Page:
graceful version detection?
donod at home.com
Mon Jun 18 03:53:04 CEST 2001
Ben Collins-Sussman wrote:
> Please excuse me if this is a common newbie question; I didn't find it
> in the FAQ or tutorial.
> If I write a python script that uses 2.X features, and then run it with
> a 1.X interpreter, I get a bunch of exceptions. Presumably this happens
> during the initial byte-compilation.
> I'd like the script to instead gracefully print:
> "Sorry, this program requires Python 2.0 or higher."
> I tried writing some code to do this by parsing `sys.version' at the top
> of my program; but as I said, the byte-compiler seems to choke first.
> What's the correct solution?
sys.version is a human readable string
>>> import sys
'2.1 (#15, Apr 16 2001, 18:25:49) [MSC 32 bit (Intel)]'
This would require some fancy regular expression matching to extract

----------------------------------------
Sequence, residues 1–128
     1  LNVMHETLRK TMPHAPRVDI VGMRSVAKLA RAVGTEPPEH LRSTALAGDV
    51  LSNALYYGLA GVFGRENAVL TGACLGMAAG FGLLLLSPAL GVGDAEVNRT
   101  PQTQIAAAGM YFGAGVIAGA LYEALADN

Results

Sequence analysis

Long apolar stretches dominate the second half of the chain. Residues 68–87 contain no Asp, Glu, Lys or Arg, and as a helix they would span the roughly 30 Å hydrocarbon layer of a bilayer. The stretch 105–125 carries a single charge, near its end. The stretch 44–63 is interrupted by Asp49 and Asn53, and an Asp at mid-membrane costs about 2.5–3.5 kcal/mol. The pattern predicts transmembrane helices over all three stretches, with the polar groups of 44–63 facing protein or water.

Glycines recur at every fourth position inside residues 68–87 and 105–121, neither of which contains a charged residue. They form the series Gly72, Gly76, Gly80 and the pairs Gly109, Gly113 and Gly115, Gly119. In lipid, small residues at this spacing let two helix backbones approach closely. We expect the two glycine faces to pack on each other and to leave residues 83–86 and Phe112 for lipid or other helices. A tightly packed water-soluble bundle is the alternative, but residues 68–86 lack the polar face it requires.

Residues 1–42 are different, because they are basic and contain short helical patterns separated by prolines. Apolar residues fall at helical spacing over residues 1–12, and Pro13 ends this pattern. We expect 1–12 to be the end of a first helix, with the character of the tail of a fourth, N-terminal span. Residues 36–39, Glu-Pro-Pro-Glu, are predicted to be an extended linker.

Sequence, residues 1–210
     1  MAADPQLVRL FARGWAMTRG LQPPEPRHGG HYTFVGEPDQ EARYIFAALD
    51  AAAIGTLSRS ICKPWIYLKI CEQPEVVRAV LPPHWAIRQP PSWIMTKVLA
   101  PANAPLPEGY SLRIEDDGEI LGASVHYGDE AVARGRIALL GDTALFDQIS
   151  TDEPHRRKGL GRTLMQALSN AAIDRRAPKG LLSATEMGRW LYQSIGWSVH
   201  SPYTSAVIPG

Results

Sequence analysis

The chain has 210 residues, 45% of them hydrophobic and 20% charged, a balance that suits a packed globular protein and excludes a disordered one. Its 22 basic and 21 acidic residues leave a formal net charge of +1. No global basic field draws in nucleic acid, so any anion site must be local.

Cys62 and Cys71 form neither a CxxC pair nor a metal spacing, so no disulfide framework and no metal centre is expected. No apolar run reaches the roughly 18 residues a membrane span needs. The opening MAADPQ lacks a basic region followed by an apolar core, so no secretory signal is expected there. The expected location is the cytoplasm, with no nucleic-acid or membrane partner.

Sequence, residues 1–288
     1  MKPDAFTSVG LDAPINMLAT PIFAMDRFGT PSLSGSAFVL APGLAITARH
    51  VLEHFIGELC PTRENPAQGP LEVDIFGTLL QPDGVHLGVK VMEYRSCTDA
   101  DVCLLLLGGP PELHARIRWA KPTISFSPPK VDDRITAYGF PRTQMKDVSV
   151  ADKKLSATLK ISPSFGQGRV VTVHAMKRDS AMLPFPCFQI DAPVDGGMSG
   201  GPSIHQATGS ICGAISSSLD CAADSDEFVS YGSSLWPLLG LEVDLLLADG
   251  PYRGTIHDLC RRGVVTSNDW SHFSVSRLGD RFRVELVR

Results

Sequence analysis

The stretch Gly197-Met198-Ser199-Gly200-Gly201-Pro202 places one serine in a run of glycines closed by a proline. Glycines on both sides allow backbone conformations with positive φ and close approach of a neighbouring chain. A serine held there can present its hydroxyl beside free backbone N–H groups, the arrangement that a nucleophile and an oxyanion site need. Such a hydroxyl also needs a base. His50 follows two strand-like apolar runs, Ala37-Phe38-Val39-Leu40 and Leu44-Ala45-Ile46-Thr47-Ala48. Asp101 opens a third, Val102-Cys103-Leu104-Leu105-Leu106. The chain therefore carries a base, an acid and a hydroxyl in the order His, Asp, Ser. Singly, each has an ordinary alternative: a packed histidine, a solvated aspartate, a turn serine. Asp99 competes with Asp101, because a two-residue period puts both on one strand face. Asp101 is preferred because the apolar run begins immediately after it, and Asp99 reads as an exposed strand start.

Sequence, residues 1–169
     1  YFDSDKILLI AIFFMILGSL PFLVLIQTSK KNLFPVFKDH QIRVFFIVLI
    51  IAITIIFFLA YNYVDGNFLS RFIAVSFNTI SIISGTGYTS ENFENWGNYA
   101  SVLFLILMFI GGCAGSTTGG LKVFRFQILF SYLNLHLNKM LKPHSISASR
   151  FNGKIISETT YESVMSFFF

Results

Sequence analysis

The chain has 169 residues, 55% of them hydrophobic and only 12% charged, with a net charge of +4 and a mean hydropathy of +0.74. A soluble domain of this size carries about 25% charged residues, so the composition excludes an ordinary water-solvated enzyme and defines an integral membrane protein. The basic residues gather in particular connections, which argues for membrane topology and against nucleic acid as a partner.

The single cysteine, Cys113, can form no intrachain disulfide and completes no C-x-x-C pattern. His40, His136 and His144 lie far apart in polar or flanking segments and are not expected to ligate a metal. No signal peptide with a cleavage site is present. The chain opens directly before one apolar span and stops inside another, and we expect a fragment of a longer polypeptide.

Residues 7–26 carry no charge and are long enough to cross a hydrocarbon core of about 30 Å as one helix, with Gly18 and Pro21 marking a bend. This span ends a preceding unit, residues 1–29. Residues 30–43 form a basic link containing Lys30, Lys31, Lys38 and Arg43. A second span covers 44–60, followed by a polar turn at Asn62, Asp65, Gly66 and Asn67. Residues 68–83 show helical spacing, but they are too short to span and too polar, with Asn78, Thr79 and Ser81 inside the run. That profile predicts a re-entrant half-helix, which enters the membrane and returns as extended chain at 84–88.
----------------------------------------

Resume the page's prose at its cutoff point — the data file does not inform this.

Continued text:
the version number in the most general case.
But, sys.version_info (new in ver 2.0) is a tuple which makes it
easy to test the version number:
(2, 1, 0, 'final', 0)
Since tuples are compared element by element, left to right, for
(at most) the length of the shorter operand, here's what I do:
if sys.version_info < (2, 1):
print "Sorry, this program requires Python version 2.1 or
if sys.version_info < (1, 5, 2):
You can also use sys.hexversion, but trying to express the version
numbers in hex and remembering how many hex digits are needed is more
trouble than it's worth.
Check the Library Reference for the sys module for these and a lot of
other system goodies.
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